Games are some of the oldest pastimes in human history. Archaeologists have found evidence that points to board games dating back to Ancient Egypt and Ancient Mesopotamia. Some of these pieces date back to 2000 BCE, including rudimentary dice and boards.
Senet comes from Egypt, while the Royal Game of Ur comes from Mesopotamia. Both are strategy games that required players to move pieces across a board, taking up territory in an archaic type of war game (more on this below). Thousands of years later, humans are still entertained by similar games.
However, they may not realize where their favorite games come from. In fact, from centuries-old games of chance to some of the most popular digital games in existence, we’re surrounded by games with unique origins. In some cases, they’re even based on hardboiled fields of academia—even if modern players have no idea.
Roulette & the Perpetual Motion Machine
Roulette is known for its spinning wheel and spread of black-and-red numbered squares. Even as online roulette slowly overtakes its traditional model, the game is known for excitement and waiting with bated breath as the croupier sends the wheel and ball into motion.
But not many players realize that roulette originates in a perpetual motion machine, created by one of the 17th century’s greatest mathematical thinkers. Meet Blaise Pascal, father of modern roulette—though he’s normally known for his contributions to philosophy and physics.
In the 1600s, Pascal was tinkering away with his physics and mathematics formulas (amongst other pursuits). One of his primary interests was in creating a perpetual motion machine based on newfound principles in physics. Pascal failed in his attempts. However, his abandoned perpetual motion machine quickly found favor with revelers in Paris. By the 1700s, roulette was one of the city’s most popular games—with an origin in probability theory and projected geometry.
Tetris & Russian Science Bunkers
Almost everyone has tried their hand at Tetris—or they know someone who has. This arcade game is immortalized today in mobile games and other digital versions. However, not many people realize that the game was invented by a Soviet software engineer named Alexey Pajitnov.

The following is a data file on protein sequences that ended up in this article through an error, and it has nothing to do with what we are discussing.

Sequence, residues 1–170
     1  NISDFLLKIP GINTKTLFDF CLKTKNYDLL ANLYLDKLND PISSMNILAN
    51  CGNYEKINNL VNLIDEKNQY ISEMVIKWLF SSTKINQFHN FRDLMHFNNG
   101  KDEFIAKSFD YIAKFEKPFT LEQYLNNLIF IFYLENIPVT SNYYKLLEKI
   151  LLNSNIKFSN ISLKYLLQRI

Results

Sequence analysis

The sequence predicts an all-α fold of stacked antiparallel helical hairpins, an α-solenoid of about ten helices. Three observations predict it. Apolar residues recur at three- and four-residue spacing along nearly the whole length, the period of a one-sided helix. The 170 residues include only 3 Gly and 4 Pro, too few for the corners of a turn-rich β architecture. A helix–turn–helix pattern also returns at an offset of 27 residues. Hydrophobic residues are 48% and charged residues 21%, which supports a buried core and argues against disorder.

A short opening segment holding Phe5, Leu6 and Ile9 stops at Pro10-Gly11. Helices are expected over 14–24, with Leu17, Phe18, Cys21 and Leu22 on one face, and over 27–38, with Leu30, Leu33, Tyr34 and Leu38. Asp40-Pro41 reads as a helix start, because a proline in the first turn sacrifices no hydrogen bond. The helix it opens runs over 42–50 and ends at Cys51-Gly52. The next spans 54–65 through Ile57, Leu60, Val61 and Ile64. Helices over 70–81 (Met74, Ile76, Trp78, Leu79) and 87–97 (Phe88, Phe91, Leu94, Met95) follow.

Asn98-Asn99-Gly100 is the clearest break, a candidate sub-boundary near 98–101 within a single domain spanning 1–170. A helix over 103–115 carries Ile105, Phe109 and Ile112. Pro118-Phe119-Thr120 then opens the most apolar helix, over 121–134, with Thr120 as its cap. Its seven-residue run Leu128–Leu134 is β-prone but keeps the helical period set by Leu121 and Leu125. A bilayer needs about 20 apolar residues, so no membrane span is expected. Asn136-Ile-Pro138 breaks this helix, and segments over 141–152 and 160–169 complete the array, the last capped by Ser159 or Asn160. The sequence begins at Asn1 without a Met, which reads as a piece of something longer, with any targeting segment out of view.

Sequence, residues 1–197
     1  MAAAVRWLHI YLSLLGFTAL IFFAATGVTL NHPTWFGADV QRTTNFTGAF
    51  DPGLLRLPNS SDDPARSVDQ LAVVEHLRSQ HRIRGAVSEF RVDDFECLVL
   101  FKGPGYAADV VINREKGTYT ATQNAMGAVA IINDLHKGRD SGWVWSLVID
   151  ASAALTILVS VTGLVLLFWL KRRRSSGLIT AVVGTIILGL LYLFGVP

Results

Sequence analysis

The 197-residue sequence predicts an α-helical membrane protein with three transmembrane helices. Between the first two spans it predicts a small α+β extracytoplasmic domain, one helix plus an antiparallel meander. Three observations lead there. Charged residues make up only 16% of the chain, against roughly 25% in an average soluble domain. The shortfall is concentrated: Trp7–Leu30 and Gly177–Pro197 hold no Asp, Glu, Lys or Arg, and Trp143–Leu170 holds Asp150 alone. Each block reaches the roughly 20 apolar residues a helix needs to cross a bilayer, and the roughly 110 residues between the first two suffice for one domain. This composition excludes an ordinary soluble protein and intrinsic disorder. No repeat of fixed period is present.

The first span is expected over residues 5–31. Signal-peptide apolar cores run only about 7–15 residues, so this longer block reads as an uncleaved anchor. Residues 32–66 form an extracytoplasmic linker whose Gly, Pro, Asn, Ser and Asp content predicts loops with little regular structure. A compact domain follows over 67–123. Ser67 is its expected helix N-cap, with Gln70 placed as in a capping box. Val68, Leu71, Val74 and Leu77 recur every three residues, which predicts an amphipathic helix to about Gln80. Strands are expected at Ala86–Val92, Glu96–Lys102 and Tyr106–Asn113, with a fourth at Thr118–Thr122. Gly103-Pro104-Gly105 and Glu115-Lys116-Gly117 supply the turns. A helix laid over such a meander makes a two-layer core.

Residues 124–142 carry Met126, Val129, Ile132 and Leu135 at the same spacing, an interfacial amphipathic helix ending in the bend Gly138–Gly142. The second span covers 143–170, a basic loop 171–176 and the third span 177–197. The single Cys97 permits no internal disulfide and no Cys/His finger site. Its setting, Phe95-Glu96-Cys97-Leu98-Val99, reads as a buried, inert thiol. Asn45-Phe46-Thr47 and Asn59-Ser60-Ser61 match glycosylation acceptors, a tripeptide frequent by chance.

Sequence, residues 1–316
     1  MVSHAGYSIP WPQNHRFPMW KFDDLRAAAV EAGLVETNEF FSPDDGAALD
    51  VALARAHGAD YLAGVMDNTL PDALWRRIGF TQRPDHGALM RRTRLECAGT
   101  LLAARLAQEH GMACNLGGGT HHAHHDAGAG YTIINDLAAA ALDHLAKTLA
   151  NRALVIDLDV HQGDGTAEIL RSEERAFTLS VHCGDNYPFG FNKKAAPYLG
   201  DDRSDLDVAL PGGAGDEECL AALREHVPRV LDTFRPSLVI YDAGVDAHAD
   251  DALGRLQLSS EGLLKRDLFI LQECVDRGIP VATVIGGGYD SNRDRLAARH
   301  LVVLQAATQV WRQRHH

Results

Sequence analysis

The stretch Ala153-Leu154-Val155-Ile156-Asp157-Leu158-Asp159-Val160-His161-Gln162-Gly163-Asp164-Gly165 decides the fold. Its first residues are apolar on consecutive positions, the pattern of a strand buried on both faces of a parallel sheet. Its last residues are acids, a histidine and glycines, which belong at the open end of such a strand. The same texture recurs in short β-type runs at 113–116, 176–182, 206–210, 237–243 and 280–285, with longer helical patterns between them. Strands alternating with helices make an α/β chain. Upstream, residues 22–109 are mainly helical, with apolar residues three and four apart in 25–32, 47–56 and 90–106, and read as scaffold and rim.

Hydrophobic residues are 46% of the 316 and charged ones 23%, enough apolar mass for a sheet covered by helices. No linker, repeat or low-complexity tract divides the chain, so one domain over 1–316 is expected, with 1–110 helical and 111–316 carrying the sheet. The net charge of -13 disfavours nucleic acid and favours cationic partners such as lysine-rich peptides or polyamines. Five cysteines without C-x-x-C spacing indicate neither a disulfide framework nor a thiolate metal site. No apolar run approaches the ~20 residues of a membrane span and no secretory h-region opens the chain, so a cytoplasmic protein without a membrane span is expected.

Back in the 1980s, Pajitnov was working as a speech recognition researcher for a Soviet computer center. He enjoyed tinkering with his Electronika 60, the computer model that he was charged with researching. He created multiple games on the Electronika 60, including an attempt to remake his favorite game from childhood: pentominoes.
Just like Pascal, Pajitnov failed to recreate the magic of pentominoes. However, in doing so, he reimagined the game—and Tetris was born. The game got its name from tetra, which means ‘four’, and his favorite sport tennis. The number four was based on the number of different pieces in the original game.
Dungeons & Dragons is a tabletop role-playing game. And even though pop culture has treated DnD as a niche interest, it has a global following. In fact, there are over 13 million tabletop DnD players around the world—and even more if digital variations are being counted. Given the game’s emphasis on imagination and strategy, it’s no surprise that it has its origins in wargaming.
But what is wargaming? Wargaming is a type of game that requires two or more players to strategically simulate an armed conflict. They’re usually based on air, land, or sea tactics. Within wargaming, miniature wargaming took off (think: plastic toy soldiers). Eventually, these interests spawned a game called Chainmail, which was launched in 1971.
Chainmail was the brainchild of a gaming group located in Wisconsin. The group specialized in wargaming but wanted to create large-scale multiplayer modes for mass combat. As Chainmail evolved, DnD slowly became a fantasy-based offshoot. Rather than wield military formations, players could craft their own characters, adventures, and followers.
Rather than overtake the enemy in an air, sea, or land battle, players instead delve into highly creative settings and plots. Additionally, the game incorporates non-playing characters (NPCs), along with other features like experience points (XP).